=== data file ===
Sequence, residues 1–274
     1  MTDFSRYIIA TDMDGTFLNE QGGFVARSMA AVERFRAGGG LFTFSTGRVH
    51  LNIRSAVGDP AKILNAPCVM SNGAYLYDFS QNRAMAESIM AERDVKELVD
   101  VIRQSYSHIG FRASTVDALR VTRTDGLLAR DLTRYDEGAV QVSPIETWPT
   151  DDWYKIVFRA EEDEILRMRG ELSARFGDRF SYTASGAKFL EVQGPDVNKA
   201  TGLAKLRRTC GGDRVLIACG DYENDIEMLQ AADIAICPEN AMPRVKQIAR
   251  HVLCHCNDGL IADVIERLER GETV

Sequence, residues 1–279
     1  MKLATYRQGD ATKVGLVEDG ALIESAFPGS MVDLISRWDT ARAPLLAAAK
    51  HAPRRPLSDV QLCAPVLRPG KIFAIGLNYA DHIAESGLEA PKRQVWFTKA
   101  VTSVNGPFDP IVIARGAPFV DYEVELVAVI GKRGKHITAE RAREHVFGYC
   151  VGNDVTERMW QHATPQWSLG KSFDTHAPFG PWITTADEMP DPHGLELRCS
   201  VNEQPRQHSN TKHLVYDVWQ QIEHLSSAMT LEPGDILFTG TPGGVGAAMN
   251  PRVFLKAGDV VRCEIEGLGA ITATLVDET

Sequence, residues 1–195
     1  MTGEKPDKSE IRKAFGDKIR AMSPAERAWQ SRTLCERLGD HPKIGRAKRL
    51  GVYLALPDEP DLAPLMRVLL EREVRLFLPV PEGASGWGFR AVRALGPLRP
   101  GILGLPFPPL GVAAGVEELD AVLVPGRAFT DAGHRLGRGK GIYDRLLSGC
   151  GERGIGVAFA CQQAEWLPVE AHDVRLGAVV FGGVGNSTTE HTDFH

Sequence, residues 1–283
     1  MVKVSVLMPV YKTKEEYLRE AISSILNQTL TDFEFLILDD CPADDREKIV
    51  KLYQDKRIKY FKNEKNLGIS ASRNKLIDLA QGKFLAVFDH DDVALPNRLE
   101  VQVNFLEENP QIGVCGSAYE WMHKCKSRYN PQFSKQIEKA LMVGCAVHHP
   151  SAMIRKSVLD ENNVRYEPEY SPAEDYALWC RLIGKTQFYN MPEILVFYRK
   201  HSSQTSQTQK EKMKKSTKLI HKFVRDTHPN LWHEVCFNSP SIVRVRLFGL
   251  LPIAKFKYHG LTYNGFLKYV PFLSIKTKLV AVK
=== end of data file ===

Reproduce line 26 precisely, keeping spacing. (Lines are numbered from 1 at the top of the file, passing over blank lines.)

   251  LPIAKFKYHG LTYNGFLKYV PFLSIKTKLV AVK